If you go by the numbers, technically, the new Halloween is the eleventh in the series. However, director David Gordon Green wants you to forget the middle nine. Evidently, like Bobby Ewing’s wake-up call in the shower, we have to assume all those previous outings were dreams, or in this case, nightmares. Not at a difficult request considering that personally speaking, they all pretty much evaporated from memory the moment they concluded. Plus, that would help explain the presence of Jamie Lee Curtis’ character Laurie Strode; she died in Halloween: Resurrection (2002).
It’s forty years since psychotic killer Michael Myers was captured. If you recall in the ‘78 original, there was that tense, climactic nail-biter in the bedroom scene. Teenage Laurie hid among the wire coat hangers in the closet as the creepy Myers entered, ready for the kill, only to be shot at the last second by Dr. Loomis (the equally creepy Donald Pleasence). Myers fell out of the second story window and laid flat, spreadeagled on the grass below. Yet when the doctor and Laurie went to the window and looked down, Myers had gone. Now we’re asked to accept that he didn’t actually run off, readying himself to kill again for the inevitable sequel, but was, in fact, seized and locked away.
“Forty years,” explains Dr. Ranbir Sartain (Haluk Bilginer), or as Laurie will later call him, the new Loomis. “He has not uttered a word.” Myers has been a patient at Smith’s Grove Sanitarium, and he’s become the doctor’s obsession. “He can speak. He chooses not to.” But Myers’ days at the Sanitarium are over.
The authorities have decided it’s time to move the killer to a maximum security prison where they’ll look him up and throw away the room. But the transportation of Myers doesn’t go as planned. There’s an accident, resulting with the bus crashing at the side of the road and Myers escaping. We never find out what happened. For the economy of time and the unnecessary need to explain anything, all that’s important is that the bus crashed, the driver was killed, and the patient escaped. From there, the hunt is on. “We have one order of business,” states police office Frank Hawkins (Will Patton). “That’s to hunt this thing down.”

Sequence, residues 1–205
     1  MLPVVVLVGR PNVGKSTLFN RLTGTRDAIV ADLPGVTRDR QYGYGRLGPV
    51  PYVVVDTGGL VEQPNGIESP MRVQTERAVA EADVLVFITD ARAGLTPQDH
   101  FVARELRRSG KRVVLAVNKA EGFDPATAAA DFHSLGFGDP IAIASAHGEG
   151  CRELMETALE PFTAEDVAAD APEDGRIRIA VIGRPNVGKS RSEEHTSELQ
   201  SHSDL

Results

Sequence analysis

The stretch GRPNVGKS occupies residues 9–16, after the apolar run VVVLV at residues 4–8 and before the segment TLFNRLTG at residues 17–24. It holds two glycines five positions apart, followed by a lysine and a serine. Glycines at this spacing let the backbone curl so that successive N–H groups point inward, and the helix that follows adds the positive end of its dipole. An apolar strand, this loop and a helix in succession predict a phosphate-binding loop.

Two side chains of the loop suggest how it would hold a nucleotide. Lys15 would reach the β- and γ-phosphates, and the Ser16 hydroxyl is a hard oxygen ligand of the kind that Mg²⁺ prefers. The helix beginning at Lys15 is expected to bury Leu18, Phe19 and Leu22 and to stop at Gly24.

As it’s October 31, Halloween night, and the streets of Haddonfield, Illinois are full of costumed trick or treaters, running from house to house, knocking on decorated doors, ready to load up on candy, no one notices the tall guy in the William Shatner/Captain Kirk death mask, armed with the bloodied knife walking among them. He blends. Myers is back in town with a single-minded intention: he’s looking for the one that got away forty years ago on the same night, Laurie Strode.
“I’m twice divorced, and I’m a basket case,” a gray-haired Laurie explains. For the past forty years, Laurie’s life has been a wreck. She has a family. There’s daughter Karen (Judy Greer, who curiously sports a Christmas cardigan on Halloween) and a teenage granddaughter, Allyson (Andi Matichak), but grandma Laurie is mostly ignored. Now the woman lives alone in a private gated community of one, hidden away in a rundown, heavily fortified home on the outskirts of town, preparing herself what she knows will eventually happen. “I pray every night for him to escape,” Laurie says, “So that I can kill him.”